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  • The Inria's Research Teams produce an annual Activity Report presenting their activities and their results of the year. These reports include the team members, the scientific program, the software developed by the team and the new results of the year. The report also describes the grants, contracts and the activities of dissemination and teaching. Finally, the report gives the list of publications of the year.

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Section: Research Program

Algorithmic Number Theory

Algorithmic Number Theory is concerned with replacing special cases with general algorithms to solve problems in number theory. In the Grace project, it appears in three main threads:

  • fundamental algorithms for integers and polynomials (including primality and factorization);

  • algorithms for finite fields (including discrete logarithms); and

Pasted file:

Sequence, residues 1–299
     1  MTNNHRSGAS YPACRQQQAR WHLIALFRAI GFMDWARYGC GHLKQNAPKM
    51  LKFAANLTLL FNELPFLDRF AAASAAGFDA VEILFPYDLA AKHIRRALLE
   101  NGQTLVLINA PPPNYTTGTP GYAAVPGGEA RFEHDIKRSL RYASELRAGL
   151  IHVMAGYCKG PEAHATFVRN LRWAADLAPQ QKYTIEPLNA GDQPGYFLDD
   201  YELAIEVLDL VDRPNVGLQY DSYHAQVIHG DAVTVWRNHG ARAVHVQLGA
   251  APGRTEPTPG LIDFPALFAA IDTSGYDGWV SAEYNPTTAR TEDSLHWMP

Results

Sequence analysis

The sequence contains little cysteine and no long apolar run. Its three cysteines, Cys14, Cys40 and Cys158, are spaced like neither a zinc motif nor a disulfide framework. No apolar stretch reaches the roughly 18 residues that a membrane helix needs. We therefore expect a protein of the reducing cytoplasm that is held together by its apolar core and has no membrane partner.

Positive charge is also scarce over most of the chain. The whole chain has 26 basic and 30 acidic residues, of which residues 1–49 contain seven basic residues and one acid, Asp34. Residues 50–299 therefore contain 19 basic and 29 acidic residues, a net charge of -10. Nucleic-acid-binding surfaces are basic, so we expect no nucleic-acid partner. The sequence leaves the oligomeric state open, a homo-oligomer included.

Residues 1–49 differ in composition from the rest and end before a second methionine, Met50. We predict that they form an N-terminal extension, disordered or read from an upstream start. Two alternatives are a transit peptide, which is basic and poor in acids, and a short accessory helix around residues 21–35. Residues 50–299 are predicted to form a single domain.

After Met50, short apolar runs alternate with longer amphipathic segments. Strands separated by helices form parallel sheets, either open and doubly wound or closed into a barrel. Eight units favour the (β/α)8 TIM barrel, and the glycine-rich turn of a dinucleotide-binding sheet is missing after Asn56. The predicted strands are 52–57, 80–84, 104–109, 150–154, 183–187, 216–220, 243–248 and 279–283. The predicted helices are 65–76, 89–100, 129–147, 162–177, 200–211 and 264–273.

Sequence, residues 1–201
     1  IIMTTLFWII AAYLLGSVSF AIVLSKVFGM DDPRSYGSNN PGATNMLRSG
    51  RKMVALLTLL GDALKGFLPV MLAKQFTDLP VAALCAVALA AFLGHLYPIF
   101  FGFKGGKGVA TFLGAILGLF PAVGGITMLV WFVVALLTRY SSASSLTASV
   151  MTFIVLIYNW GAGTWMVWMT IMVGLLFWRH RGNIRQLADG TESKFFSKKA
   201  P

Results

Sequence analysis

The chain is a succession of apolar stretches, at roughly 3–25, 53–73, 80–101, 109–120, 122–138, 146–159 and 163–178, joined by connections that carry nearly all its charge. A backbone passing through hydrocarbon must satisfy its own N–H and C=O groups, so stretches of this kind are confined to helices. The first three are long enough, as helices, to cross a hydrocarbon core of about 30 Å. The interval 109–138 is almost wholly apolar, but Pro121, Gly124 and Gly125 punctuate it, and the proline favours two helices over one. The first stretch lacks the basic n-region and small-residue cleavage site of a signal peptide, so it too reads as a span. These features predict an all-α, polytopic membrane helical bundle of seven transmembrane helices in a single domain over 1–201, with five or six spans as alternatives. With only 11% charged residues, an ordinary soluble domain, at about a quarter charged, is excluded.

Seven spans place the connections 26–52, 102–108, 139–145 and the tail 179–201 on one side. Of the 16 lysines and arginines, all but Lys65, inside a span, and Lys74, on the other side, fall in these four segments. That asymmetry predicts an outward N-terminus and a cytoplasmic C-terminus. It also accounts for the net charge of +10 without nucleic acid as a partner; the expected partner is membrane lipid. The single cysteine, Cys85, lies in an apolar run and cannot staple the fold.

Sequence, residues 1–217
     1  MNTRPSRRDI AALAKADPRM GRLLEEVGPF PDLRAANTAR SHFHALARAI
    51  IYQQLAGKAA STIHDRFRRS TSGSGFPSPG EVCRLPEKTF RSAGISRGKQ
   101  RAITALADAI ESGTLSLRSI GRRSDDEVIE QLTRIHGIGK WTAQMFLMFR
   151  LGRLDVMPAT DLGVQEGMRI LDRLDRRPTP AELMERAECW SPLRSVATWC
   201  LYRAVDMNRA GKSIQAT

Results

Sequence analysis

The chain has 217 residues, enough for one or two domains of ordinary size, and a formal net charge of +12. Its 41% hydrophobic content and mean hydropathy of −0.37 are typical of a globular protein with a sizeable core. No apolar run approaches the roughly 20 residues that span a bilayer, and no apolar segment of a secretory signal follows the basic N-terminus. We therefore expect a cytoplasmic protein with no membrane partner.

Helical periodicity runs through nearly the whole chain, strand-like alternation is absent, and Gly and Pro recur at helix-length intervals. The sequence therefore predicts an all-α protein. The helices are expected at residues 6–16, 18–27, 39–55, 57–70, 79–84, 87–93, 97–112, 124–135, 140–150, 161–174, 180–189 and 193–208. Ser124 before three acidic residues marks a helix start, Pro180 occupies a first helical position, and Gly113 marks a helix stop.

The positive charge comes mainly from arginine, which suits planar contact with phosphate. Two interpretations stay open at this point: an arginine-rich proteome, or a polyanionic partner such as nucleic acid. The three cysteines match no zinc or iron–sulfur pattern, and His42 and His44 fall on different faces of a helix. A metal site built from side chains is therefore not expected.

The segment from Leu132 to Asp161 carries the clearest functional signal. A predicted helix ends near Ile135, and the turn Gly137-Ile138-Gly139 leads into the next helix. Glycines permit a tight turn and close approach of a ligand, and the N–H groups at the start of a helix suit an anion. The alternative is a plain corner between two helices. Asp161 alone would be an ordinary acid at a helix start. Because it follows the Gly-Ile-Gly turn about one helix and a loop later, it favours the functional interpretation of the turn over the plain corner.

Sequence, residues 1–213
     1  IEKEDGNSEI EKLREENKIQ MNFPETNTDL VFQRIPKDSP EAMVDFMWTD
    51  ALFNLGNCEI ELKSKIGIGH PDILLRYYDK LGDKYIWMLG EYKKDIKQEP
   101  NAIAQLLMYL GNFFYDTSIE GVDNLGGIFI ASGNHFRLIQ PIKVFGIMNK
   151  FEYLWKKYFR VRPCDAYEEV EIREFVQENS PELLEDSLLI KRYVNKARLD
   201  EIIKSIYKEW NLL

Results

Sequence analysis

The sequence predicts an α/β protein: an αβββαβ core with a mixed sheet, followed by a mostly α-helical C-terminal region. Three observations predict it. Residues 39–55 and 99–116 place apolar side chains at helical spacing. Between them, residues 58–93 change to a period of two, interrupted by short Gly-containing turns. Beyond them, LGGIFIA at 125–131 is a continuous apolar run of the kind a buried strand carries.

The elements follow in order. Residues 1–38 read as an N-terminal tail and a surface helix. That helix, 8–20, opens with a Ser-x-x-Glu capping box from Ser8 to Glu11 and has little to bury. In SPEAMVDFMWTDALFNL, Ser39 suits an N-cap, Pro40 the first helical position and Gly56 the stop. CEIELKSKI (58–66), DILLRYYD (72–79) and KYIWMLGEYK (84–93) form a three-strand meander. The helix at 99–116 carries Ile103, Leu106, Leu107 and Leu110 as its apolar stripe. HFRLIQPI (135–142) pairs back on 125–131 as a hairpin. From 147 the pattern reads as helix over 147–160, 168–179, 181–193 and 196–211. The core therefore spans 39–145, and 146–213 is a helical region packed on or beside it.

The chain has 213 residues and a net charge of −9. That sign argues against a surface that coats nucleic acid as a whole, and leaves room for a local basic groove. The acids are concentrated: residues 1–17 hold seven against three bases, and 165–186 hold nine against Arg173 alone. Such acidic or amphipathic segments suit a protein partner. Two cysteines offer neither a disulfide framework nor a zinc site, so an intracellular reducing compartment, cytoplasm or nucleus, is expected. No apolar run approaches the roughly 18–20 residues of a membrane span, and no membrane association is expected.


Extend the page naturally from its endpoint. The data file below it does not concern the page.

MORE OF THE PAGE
• algorithms for algebraic curves.

Clearly, we use computer algebra in many ways. Research in cryptology has motivated a renewed interest in Algorithmic Number Theory in recent decades—but the fundamental problems still exist per se. Indeed, while algorithmic number theory application in cryptanalysis is epitomized by applying factorization to breaking RSA public key, many other problems, are relevant to various area of computer science. Roughly speaking, the problems of the cryptological world are of bounded size, whereas Algorithmic Number Theory is also concerned with asymptotic results.